Best of UK in the NCAA: National Championship Highlights


Tonight should have been the 2020 National Championship game, so let’s put an end to March Sadness by reliving Kentucky’s NCAA title game appearances from the past 30 years.

Photo by Doug Pensinger/Getty Images

1996: No. 1 Kentucky 76, No. 4 Syracuse 67

Monday, April 1, 1996

Tony Delk tied a championship game record with seven 3-pointers and Kentucky held off a late Syracuse rally to claim the program’s sixth national championship in the Meadowlands. The Cats were up by 13 in the second half, but the Orangemen narrowed the lead to two with just under five minutes left. From there, Walter McCarty tipped in a Tony Delk miss to push the lead back to four and Derek Anderson’s three extended it to seven. Kentucky held Syracuse to only one basket in the final 3:23.

Delk was named Most Outstanding Player and was joined on the Final Four All-Tournament Team by freshman Ron Mercer, who scored a career-high 20 points on 8-12 shooting from the field, including 3-4 from 3-point range.


Complete game:

“One Shining Moment”:

1997: No. 4 Arizona 84, No. 1 Kentucky 79 (OT)

Monday, March 31, 1997

A year later, the Cats would not be so lucky. Kentucky came back to force overtime thanks to a three by Anthony Epps with 12.1 seconds left and held Arizona without a field goal in overtime, but the other Wildcats made 10 of 14 free throws in OT to escape with the win. Arizona’s Miles Simon was 14-17 from the free throw line en route to 30 points and Most Outstanding Player honors. Scott Padgett led Kentucky with 17 points, but made only 5-16 from the floor and fouled out. Ron Mercer was held to 13 points after averaging 17 in Kentucky’s previous tournament victories.

No need to relive that one any more.

1998: No. 2 Kentucky 78, No. 3 Utah 69

Monday, March 30, 1998

This one should be fresh in your memory after Saturday’s radio replay. The Comeback Cats did it again, rallying from a 41-31 halftime deficit to win the program’s seventh national championship at the Alamodome. Rick Majerus’ squad owned the boards 24-6 in the first half, but Heshimu Evans came off the bench and scored seven straight to spark Kentucky’s comeback in the second half. Jeff Sheppard’s baseline jumper with just under five minutes left gave Kentucky a 65-64 lead, and Utah missed 11 straight field goals down the stretch.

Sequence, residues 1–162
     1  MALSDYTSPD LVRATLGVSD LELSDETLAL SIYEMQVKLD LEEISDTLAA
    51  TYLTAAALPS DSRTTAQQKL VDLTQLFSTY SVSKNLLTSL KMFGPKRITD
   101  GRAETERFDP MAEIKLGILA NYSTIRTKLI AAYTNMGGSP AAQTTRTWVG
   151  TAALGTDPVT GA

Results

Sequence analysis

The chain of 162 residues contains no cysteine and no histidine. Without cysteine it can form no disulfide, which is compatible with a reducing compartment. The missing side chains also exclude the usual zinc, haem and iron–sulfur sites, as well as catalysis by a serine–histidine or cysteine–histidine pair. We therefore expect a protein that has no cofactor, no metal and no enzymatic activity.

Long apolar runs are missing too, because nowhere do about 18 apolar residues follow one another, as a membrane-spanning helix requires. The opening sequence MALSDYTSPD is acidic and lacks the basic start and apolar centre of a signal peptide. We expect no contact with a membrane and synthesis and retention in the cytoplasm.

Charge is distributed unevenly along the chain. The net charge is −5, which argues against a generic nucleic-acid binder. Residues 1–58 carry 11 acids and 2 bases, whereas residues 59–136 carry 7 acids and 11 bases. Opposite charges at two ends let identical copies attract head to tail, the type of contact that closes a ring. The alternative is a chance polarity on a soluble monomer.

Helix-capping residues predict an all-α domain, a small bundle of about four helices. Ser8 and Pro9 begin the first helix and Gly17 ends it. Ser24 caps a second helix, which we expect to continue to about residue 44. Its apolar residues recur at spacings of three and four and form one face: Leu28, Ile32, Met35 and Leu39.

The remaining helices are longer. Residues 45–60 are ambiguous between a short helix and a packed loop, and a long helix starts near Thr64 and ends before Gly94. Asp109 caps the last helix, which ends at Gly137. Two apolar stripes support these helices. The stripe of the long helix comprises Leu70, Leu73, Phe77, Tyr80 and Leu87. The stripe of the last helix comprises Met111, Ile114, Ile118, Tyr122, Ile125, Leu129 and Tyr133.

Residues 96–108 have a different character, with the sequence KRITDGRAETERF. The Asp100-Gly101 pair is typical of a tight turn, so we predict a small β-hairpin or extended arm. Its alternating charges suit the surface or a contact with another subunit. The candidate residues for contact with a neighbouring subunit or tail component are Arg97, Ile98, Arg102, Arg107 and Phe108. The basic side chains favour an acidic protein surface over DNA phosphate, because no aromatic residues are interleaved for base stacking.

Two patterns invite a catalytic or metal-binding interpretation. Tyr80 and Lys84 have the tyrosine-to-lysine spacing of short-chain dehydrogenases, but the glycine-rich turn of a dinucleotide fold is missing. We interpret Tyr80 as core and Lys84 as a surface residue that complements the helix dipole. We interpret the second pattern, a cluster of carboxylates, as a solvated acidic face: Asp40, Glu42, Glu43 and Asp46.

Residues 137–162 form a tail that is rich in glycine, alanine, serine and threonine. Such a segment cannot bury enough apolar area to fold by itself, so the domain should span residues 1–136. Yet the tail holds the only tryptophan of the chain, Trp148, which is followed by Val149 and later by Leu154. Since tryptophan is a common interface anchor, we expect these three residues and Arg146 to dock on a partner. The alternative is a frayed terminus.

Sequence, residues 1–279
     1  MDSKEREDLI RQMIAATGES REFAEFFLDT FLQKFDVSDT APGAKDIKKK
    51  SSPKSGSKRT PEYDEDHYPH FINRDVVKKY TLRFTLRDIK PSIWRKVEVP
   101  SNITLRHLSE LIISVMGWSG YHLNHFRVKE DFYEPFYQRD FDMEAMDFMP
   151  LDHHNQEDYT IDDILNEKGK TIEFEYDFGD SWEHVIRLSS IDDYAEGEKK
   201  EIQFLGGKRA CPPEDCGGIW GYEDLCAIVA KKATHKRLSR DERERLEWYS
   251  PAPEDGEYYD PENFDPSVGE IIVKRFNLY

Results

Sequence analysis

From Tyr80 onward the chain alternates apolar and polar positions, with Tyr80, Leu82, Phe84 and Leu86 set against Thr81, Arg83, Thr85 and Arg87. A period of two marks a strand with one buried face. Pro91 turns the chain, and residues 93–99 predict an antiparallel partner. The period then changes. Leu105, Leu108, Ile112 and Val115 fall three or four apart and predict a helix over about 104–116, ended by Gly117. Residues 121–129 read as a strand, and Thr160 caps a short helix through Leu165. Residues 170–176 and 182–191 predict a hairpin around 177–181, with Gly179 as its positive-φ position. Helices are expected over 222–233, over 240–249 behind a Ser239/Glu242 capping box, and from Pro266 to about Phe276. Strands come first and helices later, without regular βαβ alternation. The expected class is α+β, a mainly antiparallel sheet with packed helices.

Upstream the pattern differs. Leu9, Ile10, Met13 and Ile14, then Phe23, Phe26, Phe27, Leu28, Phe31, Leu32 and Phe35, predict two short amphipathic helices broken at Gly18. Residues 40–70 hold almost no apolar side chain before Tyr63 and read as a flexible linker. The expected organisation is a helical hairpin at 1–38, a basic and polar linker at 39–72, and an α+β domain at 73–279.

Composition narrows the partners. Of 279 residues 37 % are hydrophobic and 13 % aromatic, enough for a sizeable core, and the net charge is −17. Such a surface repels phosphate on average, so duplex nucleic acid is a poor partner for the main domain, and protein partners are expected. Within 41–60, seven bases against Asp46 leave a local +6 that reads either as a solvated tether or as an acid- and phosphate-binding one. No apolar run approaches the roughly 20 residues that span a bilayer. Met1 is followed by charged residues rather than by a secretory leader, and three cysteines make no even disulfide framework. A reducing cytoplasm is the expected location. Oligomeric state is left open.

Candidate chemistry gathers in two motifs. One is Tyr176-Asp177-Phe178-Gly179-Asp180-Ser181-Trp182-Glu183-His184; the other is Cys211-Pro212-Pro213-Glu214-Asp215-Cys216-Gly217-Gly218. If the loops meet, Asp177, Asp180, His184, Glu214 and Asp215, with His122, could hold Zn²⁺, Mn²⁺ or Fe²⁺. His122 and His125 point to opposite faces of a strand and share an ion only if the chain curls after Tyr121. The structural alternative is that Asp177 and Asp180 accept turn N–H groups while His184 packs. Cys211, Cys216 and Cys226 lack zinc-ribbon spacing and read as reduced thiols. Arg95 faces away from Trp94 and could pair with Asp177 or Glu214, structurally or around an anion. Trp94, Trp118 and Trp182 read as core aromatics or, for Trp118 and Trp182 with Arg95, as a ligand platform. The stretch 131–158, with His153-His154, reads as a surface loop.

Sheppard finished with 16 points (7-14 FG) and was named Most Outstanding Player. Scott Padgett, who had a team-high 17 points, was also named to the Final Four All-Tournament Team.


Complete game:

“One Shining Moment”:

Getty Images

2012: No. 1 Kentucky 67, No. 2 Kansas 59

Monday, April 2, 2012

Jack Pilgrim’s going to have an in-depth look at this game for you a little later, but a quick refresher. Doron Lamb led Kentucky in scoring with 22 points, including back-to-back threes to put the Cats up by 16 with ten minutes to go. Kansas came back to cut the lead to five with 1:37 left, but the Cats hit five straight free throws to put the program’s eighth national championship on ice.

Anthony Davis made only one field goal, but made up for it with 16 rebounds and six blocks en route to Most Outstanding Player honors. He was joined by Michael Kidd-Gilchrist and Doron Lamb on the Final Four All-Tournament Team.


Complete game:

“One Shining Moment”:

Bob Donnan, USA TODAY Sports

2014: No. 7 UConn 60, No. 8 Kentucky 54

Monday, April 7, 2014

Once again, Kentucky’s magical run was ended by UConn. This time, Shabazz Napier played the villain, scoring 22 points to lead the Huskies to the title. Kentucky never led, but cut the deficit to one with eight minutes left. Aaron Harrison had a look from beyond the arc to give Kentucky the lead, but missed. That was pretty much it. Eleven missed free throws certainly didn’t help.

I can’t end on that note, so here is James Young’s dunk that would have gone down in history had the Cats won.


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